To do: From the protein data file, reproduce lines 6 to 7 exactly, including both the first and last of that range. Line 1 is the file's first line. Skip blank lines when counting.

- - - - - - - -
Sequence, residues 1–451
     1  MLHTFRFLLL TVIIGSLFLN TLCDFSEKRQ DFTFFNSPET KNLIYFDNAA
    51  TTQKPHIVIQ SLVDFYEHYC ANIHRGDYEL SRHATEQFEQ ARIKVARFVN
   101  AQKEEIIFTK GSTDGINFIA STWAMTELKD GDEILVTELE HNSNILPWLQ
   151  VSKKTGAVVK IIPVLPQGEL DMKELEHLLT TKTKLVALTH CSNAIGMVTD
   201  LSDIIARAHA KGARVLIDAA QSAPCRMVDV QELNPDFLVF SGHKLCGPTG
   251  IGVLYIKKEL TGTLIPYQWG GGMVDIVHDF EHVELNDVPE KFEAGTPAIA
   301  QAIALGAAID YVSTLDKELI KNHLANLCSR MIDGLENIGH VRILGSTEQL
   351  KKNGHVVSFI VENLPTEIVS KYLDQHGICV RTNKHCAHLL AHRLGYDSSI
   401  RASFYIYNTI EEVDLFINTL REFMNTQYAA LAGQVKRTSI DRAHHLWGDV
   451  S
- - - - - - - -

   201  LSDIIARAHA KGARVLIDAA QSAPCRMVDV QELNPDFLVF SGHKLCGPTG
   251  IGVLYIKKEL TGTLIPYQWG GGMVDIVHDF EHVELNDVPE KFEAGTPAIA